Ebikadde Mu Bipya album: an effort to harmonise the old and new sonically
Ebikadde Mu Bipya is Shemy B’s second album packaged with some of the best stories ever told by him, awesome production and acuity. The album borrows from his past (Street Identity) and allowing it to flow into the new or slightly newer trends and yet still maintaining the artistic and musical elements intact.
The Luganda rapper who is very vocal and operates with ‘street-mind-grind’; contests for the best album delivered in Luganda in 2018 alongside Mun G’s oMungi Atibiwa and Nsimbi from Nsimbi Music. Ebikadde Mu Bipya is with no doubt the best full length body of work he has put out and in collaboration with Nase Avatar who executive produces it.
The album is a 12 track project and follows within 39 minutes making it shorter than his debut album Street Identity.
The feat to bring old into new and new into old is an accomplishment this album explores. Shemy tells remarkable stories like Eseza and one street story of one Robber (phonetically stylized version of Robert and also a reference to robbery). Besides the wordplay, Shemy makes it clear he can tell stories and he is refreshing while telling them.
Wegombesa nga Libya mu mulembe gwa GhadaffiYou are admirable like Libya in Qaddafi’s reign/
The project is thematically multifaceted: telling stories of real life gangsters, struggle, racism, love and affection on Nalulungi (Beauty Queen). With Webale (Thank You) he dedicates a whole song to his and other fathers. In between the album he takes some time for raps oldest theme: braggadocio on tracks like Battle, Nabagamba and Tetuli Bagenyi.
Trap influences, guitar riffs [on Tukasuka (we Throw) and Mumanyi Ki (You Know)], piano, Afro soul/rap influences make a huge presence this project. The trap attempt on Tetuli Bagenyi (We are not visitors) produced by Rex Beats reveals Shemy B’s biggest feat to trap given that; he has an influence of Big L and the American West Coast (which he has admitted before). He is not so comfortable but we still listen to the track. This is ideally the albums weakest point. The trap vibe seems a novel thing for him but he tags along and it is the skip-able track on the album.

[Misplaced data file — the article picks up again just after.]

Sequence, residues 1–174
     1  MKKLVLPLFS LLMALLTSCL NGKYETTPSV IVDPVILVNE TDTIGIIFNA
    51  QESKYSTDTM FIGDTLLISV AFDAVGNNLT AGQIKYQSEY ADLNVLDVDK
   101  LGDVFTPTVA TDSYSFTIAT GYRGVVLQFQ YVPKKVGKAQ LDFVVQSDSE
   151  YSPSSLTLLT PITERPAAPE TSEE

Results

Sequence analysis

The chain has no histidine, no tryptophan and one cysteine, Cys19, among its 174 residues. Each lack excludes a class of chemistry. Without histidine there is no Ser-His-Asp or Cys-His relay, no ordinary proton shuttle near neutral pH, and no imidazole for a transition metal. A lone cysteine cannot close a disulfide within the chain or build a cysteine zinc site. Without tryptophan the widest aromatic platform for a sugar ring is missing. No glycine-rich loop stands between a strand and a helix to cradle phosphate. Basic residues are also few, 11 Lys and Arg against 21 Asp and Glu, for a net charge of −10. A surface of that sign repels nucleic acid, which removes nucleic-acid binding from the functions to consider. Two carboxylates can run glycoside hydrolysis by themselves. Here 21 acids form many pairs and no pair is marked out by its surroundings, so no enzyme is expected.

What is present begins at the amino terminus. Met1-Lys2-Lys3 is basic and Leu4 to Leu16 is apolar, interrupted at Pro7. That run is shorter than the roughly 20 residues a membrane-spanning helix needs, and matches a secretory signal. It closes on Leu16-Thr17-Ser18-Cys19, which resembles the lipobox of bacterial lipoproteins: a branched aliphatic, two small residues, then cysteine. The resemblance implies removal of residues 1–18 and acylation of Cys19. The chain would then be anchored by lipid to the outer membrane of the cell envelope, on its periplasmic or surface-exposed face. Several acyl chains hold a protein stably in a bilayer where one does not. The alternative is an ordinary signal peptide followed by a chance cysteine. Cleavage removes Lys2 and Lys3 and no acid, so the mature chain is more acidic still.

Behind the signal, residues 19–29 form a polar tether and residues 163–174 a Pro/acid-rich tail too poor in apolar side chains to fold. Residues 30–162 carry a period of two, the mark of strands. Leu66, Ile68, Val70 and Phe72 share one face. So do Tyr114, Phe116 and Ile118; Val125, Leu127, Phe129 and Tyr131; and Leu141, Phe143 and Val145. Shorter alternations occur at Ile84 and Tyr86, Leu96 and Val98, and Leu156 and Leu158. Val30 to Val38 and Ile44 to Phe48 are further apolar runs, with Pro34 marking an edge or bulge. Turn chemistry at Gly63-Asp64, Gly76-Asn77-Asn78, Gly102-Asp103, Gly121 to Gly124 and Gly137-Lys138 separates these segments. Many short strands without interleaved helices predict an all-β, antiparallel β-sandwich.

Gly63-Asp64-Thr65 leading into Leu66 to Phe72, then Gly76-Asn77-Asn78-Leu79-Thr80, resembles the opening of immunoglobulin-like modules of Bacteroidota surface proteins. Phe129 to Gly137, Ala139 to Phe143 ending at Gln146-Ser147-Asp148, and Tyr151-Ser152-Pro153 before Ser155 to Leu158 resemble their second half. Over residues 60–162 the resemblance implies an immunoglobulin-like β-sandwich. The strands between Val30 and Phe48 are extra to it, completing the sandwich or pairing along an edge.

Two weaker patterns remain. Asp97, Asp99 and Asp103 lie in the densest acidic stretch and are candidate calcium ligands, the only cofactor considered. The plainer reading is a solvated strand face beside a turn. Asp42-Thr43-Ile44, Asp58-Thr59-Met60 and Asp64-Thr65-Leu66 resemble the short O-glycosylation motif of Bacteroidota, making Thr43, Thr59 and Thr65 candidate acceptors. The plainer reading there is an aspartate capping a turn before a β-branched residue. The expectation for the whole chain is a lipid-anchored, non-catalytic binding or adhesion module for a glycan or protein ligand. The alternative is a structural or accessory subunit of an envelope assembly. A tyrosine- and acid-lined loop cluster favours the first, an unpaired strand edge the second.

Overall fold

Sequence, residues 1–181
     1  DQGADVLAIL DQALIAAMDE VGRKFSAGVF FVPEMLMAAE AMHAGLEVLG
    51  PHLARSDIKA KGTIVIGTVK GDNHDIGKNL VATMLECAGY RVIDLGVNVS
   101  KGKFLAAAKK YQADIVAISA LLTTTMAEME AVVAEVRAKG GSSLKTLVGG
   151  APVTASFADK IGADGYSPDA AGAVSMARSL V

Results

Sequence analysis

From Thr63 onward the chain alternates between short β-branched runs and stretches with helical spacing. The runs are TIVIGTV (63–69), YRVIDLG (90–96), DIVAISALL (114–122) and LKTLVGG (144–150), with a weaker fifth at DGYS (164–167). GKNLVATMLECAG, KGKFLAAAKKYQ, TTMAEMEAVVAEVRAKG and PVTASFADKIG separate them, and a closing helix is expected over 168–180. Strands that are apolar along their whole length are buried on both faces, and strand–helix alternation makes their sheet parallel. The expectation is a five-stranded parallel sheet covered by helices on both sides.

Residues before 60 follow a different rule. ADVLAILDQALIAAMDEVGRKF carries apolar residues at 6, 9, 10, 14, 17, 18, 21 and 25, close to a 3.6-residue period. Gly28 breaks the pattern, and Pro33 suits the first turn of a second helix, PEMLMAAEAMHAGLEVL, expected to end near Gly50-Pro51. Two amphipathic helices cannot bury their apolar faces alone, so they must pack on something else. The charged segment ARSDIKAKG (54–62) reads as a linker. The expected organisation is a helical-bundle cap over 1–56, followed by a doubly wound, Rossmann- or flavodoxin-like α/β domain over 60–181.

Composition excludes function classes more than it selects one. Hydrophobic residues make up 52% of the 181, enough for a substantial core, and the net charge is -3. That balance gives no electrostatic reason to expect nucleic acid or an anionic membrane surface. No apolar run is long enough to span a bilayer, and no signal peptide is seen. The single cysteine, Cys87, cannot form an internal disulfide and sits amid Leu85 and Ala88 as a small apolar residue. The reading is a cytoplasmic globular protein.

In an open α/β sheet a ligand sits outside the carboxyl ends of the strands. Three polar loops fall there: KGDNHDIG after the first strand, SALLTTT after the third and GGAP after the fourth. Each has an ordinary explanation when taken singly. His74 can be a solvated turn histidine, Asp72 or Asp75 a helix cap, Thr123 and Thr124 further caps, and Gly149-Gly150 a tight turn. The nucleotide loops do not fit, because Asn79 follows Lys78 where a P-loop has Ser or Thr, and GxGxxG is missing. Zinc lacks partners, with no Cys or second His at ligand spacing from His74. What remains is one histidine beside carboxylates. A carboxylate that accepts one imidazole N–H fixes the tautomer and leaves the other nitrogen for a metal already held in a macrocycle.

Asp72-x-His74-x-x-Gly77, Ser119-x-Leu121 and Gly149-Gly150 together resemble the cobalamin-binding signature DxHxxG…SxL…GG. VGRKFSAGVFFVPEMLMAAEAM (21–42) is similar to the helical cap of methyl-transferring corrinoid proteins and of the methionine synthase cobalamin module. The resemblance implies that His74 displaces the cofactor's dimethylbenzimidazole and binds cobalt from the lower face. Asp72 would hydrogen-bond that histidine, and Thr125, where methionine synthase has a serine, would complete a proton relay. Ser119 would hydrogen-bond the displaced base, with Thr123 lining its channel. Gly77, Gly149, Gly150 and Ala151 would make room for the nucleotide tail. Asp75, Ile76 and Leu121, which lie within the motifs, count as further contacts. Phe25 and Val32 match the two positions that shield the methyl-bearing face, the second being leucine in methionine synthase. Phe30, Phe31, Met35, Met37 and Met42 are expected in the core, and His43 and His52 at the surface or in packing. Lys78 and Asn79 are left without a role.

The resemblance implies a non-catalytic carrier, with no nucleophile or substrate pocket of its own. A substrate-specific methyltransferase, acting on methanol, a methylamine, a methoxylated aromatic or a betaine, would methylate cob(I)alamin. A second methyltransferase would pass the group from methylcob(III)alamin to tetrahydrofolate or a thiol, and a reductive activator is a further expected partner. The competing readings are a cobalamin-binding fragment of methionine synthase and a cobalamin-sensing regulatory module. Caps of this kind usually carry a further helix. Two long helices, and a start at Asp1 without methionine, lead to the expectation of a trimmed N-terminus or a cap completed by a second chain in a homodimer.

The album sonically is an improved Shemy B embracing overtly and subtly new trends (see the track list and length), bringing oldest elements like story telling into the present when many raps fans are forgetting it or just don’t seem to care for. The only non-hip hop appearances on the album are Man-Son and Herbert Sensamba (who adds lots of melody on three tracks and he delivers appropriately).
Robber, Okumusimatuka oyina Kubera SebadukaRobber, to overrun him you had to be Sebaduka ( a great runner)
Ebikkadde Mu Bipya can be described as old meets new where the old stories of youth, life lessons are brought into the present time – the cover art designed by Trip Music speaks volumes. Modern and old instruments, old messages, new ideas and, new and old production techniques weaved together is what Ebikadde Mu Bipya is. All this for the love of hip hop as manifested vividly on Mubanja (I demand Hip Hop).
Shemy B is outstanding when he decides to tell stories, humour, his wordplay borrows from local street slang and his constant references to Mutungo Bbiina (all stories told) add to his authenticity – you can tell that by the attitude he treats hip hop with.
Until another full length project is released, Ebikkade Mu Bipya is his best work that achieves to harmonize the old and new agenda from so many dimensions. The album is for both the young and old, and entirely inclusive thematically.
Get Copies of the album from Shemy B